Glenn’s selection from among 44 first-term state representatives and 10 first-time state senators was announced on MIRS Monday, a weekly podcast featuring a round table discussion by MIRS state Capitol reporters that focused primarily on Glenn’s bipartisan leadership on this year’s energy policy debate in Lansing.

Glenn, R-Midland, is vice-chairman of the Energy Policy Committee in the state House of Representatives.

“It’s been a long time since I was a ‘freshman’ at anything,” Glenn said, jokingly. “But in all seriousness, whatever honor this recognition may be, it simply reflects the very serious commitment I’ve made to work and study hard and do the best, most conscientious job I can for the people of Bay and Midland counties and our entire state. I’ve also taken very seriously a speech by Dow CEO Andrew Liveris, who said that if we want continued expansion of Dow operations in mid-Michigan in the future, we have to have a more forward-looking energy policy that produces more competitive electricity rates.”

Glenn thanked his family and staff for their support. He said because the recognition was primarily because of his work on the energy policy debate, he knows it wouldn’t have come without “expert advice both here at home and in Lansing.”

In Midland, Glenn said his interaction with Dow Chemical Government Affairs Director Brooke Beebe; Midland Cogeneration Venture CEO Pete Milojevich and former CEO Rod Boulanger; Dow Corning energy executive Rod Williamson; local businessmen and solar array developers John Bartos, Steve Ellebracht and Ted Skinner; and Sanford Dam owner Lee Mueller had been particularly instructive.

In Lansing, Glenn cited “invaluable assistance” from state Sen. Jim Stamas, R-Midland, and Sen. Mike Shirkey, R-Clarklake; energy policy experts Cami Pendell, Brendan Ringlever, Bill Lievense and former Michigan Public Service Commissioner Laura Chappelle; and “dozens of other experts, too many to name, who generously volunteered their time and expertise to serve on the Energy Work Group we convened to draft our energy reform legislation.”

Glenn was nominated as Freshman Legislator of the Year by MIRS House reporter Craig Mauger.

“The pick isn’t about his politics,” Mauger said, “but it’s about what he’s been able to get done, and stop from happening in the House so far this year. He’s been the voice out there in front of this energy legislation, the voice of opposition to what many of his caucus colleagues want to do, and he’s been very successful in lining up people in opposition to it, as can be seen by the fact that it hasn’t gotten a vote on the floor yet.”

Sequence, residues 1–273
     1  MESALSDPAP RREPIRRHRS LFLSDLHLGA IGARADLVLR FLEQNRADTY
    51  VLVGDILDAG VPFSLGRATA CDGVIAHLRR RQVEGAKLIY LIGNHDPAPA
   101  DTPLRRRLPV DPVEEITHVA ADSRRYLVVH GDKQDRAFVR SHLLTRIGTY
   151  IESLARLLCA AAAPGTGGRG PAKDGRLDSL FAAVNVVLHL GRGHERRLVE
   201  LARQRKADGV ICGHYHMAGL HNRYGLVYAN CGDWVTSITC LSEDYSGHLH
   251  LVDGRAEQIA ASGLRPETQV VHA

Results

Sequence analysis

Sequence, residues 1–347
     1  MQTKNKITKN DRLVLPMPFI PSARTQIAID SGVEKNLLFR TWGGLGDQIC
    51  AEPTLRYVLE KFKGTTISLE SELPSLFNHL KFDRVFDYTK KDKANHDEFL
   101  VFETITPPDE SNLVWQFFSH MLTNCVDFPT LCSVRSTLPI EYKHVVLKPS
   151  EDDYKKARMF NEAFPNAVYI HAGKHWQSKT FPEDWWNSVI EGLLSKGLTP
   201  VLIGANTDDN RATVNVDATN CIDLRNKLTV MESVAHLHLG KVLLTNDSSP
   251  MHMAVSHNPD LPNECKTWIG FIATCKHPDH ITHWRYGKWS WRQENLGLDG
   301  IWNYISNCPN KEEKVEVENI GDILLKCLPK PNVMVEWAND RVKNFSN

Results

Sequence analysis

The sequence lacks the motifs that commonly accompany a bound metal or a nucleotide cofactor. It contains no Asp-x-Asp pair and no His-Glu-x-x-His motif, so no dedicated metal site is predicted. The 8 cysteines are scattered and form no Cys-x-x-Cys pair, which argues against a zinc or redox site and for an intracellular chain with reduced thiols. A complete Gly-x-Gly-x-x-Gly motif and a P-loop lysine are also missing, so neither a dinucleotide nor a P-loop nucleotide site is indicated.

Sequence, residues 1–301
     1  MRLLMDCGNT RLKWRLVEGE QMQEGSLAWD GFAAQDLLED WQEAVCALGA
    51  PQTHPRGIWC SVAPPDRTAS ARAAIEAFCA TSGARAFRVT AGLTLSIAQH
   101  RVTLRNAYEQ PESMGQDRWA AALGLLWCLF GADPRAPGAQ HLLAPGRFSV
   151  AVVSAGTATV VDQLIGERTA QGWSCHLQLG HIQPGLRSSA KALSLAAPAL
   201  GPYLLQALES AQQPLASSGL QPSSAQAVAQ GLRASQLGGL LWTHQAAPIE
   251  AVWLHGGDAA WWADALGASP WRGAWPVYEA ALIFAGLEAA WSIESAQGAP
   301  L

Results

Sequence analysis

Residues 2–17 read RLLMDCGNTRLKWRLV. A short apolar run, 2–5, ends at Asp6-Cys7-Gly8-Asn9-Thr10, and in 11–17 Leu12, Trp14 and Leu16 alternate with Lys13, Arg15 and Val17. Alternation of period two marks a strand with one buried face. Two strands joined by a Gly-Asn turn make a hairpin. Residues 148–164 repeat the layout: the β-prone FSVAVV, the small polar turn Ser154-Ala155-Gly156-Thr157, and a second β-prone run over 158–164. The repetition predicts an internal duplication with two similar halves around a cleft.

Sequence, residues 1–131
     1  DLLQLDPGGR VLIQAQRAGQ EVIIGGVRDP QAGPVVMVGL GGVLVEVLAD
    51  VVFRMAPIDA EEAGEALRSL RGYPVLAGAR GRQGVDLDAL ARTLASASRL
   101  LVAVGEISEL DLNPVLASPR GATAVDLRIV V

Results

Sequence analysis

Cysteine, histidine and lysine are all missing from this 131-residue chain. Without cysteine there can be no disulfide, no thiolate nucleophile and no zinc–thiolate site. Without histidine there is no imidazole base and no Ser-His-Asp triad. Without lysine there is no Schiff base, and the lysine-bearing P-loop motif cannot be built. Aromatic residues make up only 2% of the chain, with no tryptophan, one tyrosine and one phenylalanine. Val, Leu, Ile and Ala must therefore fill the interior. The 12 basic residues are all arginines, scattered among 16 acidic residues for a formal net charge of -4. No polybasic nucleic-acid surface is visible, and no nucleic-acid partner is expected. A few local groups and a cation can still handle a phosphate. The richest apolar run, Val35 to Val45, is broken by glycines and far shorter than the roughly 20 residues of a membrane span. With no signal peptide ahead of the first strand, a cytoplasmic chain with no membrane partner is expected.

MIRS News editor Kyle Melinn, said regarding Glenn’s nomination that what he found “very compelling is how much time and energy he spent into boning up on the (energy) issue. I mean he really is reading and studying and working hard to understand not only the (electricity) choice issue, which he’s very passionate about, but other things on the legislation that I think is pretty impressive. And any time you’re a vice chair of something as important as the Energy Policy Committee during this time, it says a lot about you.”

Mauger also noted Glenn’s work on the mega tax credit and civil asset forfeiture. Glenn’s legislation increasing the legal burden of proof required to justify use of civil asset forfeiture laws passed the state House of Representative with nearly unanimous bipartisan support and was the first legislation he sponsored that was signed into law by Gov. Rick Snyder in October.

Other first-term lawmakers nominated by MIRS staff for the award were Rep. Chris Afendoulis, R-Grand Rapids, chairman of the House Appropriations Subcommittee on Licensing and Regulatory Affairs and of the Medicaid Subcommittee of Health and Human Services; Rep. Laura Cox, R-Livonia, chair of the House Appropriations Subcommittee on General Government; Sen. Curtis Hertel, D-Lansing; minority vice chairman of the Senate Banking and Financial Institutions Committee and of the Senate Commerce Committee; and Rep. Sheldon Neeley, D-Flint, first vice chairman of the Michigan Legislative Black Caucus.

MIRS last week named Rep. Jeff Farrington, R-Utica, as House Member of the Year. A third-term lawmaker and chairman of the House Tax Policy Committee on which Glenn serves, Farrington sits immediately to Glenn’s right on the House floor. As is customary to help first-term lawmakers learn and navigate the legislative process, Farrington was informally assigned at the beginning of the year to be Glenn’s mentor.

“I’ve done more listening than talking, and obviously Jeff set a good example for effectiveness and leadership that it’s been my privilege to emulate,” Glenn said.